A major wrinkle has developed in the debate over the location of an intermodal transportation hub in Salt Lake's Gateway area, just one week before a final decision is scheduled on the issue.

A consultant brought in by four groups championing the Union Pacific Depot for the hub location Monday proposed a commuter rail hub on 500 West between North Temple and South Temple - a location that has not been considered before.The idea has caught the fancy of City Councilman Roger Thompson, who is the swing vote on the hub location.

"I must say I'm leaning their way," he said.

The hub's location has been the subject of considerable debate during the past few months. It has boiled down to two possible locations: 600 West and 200 South, next to the freight line tracks, and the Union Pacific Depot. Excluding Thompson, the council has been split right down the middle on the issue.

Proponents of the Union Pacific depot say the 600 West/200 South location would kill commuter rail on arrival because it is too far from downtown. Those on the other side - which include Salt Lake's planning staff and consultants - counter that the depot, while attractive and closer to downtown, is logistically not doable.

What Roger Millar, a transportation consultant from Portland, Ore., proposed Monday was a compromise. Keep the Amtrak hub at 600 West and 200 South, he said, but move the commuter rail hub to 500 West, which is less than a block from the depot. He said the location would have various advantages:

- It would not require tracks through the Boyer Co.'s large proposed development of the rail yard west of the depot. Boyer vigorously opposes the depot location for that reason, but the 500 West location "is fine by us," said Stephen Caine, Boyer's special projects director. "It doesn't interfere with our development at all."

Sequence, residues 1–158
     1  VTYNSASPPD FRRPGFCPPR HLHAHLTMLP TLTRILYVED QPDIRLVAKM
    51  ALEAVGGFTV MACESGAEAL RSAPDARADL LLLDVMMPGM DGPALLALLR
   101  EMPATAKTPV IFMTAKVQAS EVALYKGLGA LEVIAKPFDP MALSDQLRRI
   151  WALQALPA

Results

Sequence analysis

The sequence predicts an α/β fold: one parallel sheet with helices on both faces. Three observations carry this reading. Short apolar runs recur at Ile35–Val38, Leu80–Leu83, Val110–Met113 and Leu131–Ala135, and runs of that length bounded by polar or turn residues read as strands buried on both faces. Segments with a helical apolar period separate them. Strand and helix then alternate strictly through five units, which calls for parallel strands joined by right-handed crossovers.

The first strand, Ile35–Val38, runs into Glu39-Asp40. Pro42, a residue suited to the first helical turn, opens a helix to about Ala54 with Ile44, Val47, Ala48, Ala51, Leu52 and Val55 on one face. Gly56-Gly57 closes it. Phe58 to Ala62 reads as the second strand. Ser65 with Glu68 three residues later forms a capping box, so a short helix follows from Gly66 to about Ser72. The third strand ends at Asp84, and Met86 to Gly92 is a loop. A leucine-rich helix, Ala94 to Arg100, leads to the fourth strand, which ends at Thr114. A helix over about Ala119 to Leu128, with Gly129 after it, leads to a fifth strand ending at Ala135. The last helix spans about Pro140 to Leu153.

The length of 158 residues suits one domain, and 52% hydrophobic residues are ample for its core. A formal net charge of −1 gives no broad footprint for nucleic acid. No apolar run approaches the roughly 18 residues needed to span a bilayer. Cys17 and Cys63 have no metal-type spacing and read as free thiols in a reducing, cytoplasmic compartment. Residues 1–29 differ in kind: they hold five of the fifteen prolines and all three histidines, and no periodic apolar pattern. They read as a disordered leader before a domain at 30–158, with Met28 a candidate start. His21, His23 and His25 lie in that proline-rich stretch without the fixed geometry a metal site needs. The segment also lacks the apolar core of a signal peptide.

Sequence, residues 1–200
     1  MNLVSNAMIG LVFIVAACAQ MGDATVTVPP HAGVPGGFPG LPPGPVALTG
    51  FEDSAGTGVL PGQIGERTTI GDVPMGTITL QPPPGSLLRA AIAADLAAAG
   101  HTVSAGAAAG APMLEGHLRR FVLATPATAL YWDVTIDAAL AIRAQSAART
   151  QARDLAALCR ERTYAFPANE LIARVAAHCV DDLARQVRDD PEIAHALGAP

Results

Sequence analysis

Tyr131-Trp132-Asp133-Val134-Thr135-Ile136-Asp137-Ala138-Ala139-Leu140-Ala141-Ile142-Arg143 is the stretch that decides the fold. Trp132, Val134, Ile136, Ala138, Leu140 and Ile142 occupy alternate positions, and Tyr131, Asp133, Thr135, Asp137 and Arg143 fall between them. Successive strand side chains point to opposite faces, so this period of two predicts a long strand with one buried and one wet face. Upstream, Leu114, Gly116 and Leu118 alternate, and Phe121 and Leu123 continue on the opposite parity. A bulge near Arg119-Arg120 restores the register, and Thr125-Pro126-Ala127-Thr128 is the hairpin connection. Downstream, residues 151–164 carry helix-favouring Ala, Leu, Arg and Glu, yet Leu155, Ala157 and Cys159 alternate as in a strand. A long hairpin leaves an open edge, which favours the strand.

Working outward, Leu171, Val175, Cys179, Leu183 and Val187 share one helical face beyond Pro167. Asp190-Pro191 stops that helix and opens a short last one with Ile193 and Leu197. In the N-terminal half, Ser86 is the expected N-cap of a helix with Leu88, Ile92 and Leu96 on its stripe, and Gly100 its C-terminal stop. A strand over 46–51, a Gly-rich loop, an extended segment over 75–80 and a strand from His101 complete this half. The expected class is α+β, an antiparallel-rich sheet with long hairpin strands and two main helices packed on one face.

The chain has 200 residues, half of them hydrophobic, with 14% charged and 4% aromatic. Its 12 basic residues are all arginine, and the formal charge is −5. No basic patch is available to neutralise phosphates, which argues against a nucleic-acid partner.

- It could be kept at grade, eliminating the need for a proposed $130 million tunnel.

- It would use the land between South Temple and 100 South and 500 West and I-15, which is undesirable for developers because it will be bounded by a highway, an on-off ramp and train tracks.

- It would be close enough to the Union Pacific Depot that commuters could walk to it, and from there get on either the north-south light-rail line or the proposed east-west line.

Nevertheless, the location does have problems.

Deputy Salt Lake Mayor Brian Hatch noted it would reintroduce tracks to the area, after years of effort to clear them, and there would be a lot of right-of-way acquisition needed for the tracks and hub. "With the other site we have a willing seller," he said.

In addition, the federal government has so far balked at providing funding for more than one transportation hub. Given the projected low numbers of initial commuter-rail users (about 4,000 daily), "to date (the feds) have not seen the need for two rail stations within a quarter-mile of each other."

Finally, the tracks would interfere with the touch-down point of a proposed I-15 high-occupancy vehicle on-off ramp at 100 South and 600 West. Utah Department of Transportation officials have said they don't want tracks interfering with the ramp, though Millar said the two could be designed to be compatible.

The solution to the knotty problem, according to City Council Chairman Bryce Jolley: Follow the city Planning Commission's recommendation of locating the hub at 600 West and 200 South, but keep the 500 West option open for the future when increased ridership might merit the increased cost.

"This alignment here is something that can happen almost at any time," he said.

Hatch agreed.

"The Planning Commission outlined the appropriate vision for the future," he said. "When ridership builds and we can justify a second station, we can come back to it."